While many Pakistanis applauded Musharraf’s rhetoric, it has created an internal backlash, with the Islamists espousing strong anti-Musharraf and anti-American sentiments. The president has become a target of Islamic militants for ordering an end to tolerance for extremism and for joining with the United States in the war on terrorism, if only rhetorically. Although Musharraf initially proclaimed an abrupt switch regarding al Qaeda and the Taliban in Afghanistan and a crackdown on Pakistan’s intelligence apparatus–as well as indicating he would expel foreign fundamentalists–official Pakistani actions seemed in fact to be pervaded by ambivalence.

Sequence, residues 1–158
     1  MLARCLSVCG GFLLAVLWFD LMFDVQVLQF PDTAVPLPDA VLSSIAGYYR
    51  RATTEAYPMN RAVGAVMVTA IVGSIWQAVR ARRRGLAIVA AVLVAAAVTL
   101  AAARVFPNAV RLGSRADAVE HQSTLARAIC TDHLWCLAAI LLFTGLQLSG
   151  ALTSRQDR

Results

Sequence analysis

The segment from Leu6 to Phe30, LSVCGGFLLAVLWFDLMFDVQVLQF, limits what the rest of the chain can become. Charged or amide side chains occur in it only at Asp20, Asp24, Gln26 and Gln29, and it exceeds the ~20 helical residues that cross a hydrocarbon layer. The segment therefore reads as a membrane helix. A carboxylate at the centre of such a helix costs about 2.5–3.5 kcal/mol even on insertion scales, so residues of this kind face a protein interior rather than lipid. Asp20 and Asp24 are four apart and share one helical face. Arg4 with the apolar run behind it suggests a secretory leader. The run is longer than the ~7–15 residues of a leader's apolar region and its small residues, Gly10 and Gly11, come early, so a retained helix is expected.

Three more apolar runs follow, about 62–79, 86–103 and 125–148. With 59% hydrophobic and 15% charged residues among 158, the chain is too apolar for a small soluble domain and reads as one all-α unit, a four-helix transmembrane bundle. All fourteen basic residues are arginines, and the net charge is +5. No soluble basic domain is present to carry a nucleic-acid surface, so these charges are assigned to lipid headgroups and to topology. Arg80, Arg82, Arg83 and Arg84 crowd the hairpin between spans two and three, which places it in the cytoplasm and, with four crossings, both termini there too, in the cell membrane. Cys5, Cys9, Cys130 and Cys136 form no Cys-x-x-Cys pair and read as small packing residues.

Musharraf has made conflicting remarks about the likelihood that Osama bin Laden is alive or dead. More than 500 al Qaeda operatives have been captured and remain in Pakistani jails or have been released for trials abroad. Yet it seems they are only being coughed up by the Pakistani security services in dribs and drabs to placate pressure by Washington on Islamabad to fulfill its anti-terrorism commitment. Moreover, the Taliban not only has been allowed to regroup and revive but is being permitted to re-infiltrate Afghanistan on a large scale.